- to dissolve out soluble constituents from (ashes, soil, etc.) by percolation.
- to cause (water or other liquid) to percolate through something.
- (of ashes, soil, etc.) to undergo the action of percolating water.
- to percolate, as water.
- the act or process of leaching.
- a product or solution obtained by leaching; leachate.
- the material leached.
- a vessel for use in leaching.
Origin of leach1
1425–75; late Middle English leche leachate, infusion, probably Old English *læc(e), *lec(e), akin to leccan to wet, moisten, causative of leak
Dictionary.com Unabridged Based on the Random House Unabridged Dictionary, © Random House, Inc. 2018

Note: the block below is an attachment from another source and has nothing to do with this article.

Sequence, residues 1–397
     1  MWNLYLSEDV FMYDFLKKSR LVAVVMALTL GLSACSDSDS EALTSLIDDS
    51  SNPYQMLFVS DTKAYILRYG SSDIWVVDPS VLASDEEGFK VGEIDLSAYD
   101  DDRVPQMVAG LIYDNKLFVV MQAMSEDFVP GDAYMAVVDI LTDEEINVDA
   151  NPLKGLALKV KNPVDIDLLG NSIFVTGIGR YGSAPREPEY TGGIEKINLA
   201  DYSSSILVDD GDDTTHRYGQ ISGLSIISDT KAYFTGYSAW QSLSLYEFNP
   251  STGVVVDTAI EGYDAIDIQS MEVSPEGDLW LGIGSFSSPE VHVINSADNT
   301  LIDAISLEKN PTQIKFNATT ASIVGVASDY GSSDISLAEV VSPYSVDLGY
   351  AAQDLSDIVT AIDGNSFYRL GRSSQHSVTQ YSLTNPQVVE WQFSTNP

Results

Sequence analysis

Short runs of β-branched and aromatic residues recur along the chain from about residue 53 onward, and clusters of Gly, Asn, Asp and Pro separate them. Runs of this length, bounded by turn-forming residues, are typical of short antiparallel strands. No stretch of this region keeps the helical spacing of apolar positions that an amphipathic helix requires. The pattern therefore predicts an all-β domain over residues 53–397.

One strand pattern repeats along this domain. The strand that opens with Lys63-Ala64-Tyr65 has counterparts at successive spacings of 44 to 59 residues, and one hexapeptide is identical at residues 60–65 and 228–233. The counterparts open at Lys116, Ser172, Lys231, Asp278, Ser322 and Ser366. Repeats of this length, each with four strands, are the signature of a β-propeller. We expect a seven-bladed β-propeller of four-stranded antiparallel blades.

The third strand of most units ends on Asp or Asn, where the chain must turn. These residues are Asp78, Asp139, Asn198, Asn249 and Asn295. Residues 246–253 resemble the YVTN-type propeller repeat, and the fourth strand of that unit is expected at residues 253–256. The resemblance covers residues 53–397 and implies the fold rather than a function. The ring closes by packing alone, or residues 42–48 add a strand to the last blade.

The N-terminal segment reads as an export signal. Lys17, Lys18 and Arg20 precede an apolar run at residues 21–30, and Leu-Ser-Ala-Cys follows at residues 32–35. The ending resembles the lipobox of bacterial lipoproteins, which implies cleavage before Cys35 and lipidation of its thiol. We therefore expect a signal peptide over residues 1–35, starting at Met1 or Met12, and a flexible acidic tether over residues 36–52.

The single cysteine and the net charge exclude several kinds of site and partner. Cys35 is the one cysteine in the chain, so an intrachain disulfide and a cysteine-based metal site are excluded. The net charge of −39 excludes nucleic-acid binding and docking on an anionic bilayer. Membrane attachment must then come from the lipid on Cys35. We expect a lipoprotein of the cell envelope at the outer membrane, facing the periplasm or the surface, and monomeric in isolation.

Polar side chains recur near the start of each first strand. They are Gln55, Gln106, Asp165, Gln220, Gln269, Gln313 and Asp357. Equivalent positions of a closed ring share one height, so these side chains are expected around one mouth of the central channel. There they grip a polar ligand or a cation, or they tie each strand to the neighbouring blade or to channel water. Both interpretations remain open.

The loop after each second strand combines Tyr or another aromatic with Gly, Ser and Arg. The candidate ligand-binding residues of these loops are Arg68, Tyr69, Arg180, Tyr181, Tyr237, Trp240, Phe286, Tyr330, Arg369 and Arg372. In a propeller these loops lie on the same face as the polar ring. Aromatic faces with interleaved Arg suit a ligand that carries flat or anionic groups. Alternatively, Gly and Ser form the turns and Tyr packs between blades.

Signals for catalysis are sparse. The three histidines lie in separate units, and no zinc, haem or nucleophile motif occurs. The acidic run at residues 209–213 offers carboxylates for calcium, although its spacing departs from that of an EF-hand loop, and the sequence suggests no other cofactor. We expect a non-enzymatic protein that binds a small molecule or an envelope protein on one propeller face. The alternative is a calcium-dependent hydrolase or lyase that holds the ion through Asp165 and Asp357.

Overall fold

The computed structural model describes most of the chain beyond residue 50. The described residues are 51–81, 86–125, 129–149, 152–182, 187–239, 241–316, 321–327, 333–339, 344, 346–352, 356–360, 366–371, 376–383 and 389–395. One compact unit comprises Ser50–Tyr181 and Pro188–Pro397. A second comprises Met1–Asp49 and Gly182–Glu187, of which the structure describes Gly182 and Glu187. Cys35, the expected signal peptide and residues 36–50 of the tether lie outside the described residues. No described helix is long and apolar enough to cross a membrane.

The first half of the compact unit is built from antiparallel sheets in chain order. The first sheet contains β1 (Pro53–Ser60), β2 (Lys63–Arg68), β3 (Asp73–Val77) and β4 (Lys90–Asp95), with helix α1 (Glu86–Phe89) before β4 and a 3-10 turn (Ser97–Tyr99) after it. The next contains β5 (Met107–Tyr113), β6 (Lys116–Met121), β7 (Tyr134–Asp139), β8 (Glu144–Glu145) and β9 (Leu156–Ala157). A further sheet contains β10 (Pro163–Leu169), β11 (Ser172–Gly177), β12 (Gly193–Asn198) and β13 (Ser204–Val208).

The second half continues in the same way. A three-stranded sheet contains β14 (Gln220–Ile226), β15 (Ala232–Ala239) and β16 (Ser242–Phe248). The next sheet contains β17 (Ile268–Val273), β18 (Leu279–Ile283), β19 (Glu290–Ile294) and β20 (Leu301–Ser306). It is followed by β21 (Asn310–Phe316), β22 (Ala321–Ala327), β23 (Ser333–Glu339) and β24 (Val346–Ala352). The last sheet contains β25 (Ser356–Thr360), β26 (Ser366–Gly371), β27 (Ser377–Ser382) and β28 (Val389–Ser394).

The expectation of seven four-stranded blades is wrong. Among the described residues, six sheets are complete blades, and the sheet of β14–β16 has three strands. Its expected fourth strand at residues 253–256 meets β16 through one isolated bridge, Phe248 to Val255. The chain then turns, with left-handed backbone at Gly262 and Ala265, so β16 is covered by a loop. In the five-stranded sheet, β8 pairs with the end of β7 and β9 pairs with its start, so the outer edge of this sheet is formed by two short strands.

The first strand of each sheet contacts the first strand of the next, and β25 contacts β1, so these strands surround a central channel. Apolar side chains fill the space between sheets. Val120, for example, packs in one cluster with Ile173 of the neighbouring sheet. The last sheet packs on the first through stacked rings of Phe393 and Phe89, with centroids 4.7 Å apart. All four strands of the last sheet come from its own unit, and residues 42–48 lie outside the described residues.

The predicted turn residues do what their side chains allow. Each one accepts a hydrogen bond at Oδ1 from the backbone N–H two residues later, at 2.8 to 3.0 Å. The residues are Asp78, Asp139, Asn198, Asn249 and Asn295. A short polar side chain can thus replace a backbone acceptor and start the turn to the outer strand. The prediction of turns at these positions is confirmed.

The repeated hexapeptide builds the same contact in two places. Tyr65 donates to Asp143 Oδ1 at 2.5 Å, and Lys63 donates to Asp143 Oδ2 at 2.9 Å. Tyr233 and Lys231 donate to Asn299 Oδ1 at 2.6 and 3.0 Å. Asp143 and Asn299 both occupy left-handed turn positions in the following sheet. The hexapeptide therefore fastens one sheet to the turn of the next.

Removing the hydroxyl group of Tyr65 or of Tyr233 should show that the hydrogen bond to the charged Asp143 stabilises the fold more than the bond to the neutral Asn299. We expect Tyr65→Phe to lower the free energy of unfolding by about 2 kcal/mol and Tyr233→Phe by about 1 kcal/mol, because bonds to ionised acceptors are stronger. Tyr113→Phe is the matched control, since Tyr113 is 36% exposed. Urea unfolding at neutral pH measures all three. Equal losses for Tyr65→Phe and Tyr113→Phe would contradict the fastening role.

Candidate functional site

- Bernard (Howell). 1887–1979, British potter, born in Hong Kong
- the act or process of leaching
- a substance that is leached or the constituents removed by leaching
- a porous vessel for leaching
Word Origin for leach
C17: variant of obsolete letch to wet, perhaps from Old English leccan to water; related to leak
- a variant spelling of leech 2
Collins English Dictionary - Complete & Unabridged 2012 Digital Edition © William Collins Sons & Co. Ltd. 1979, 1986 © HarperCollins Publishers 1998, 2000, 2003, 2005, 2006, 2007, 2009, 2012
Old English leccan "to moisten, water, wet, irrigate," (see leak). The word disappears, then re-emerges late 18c. in a technological sense in reference to percolating liquids. Related: Leached; leaching.
Online Etymology Dictionary, © 2010 Douglas Harper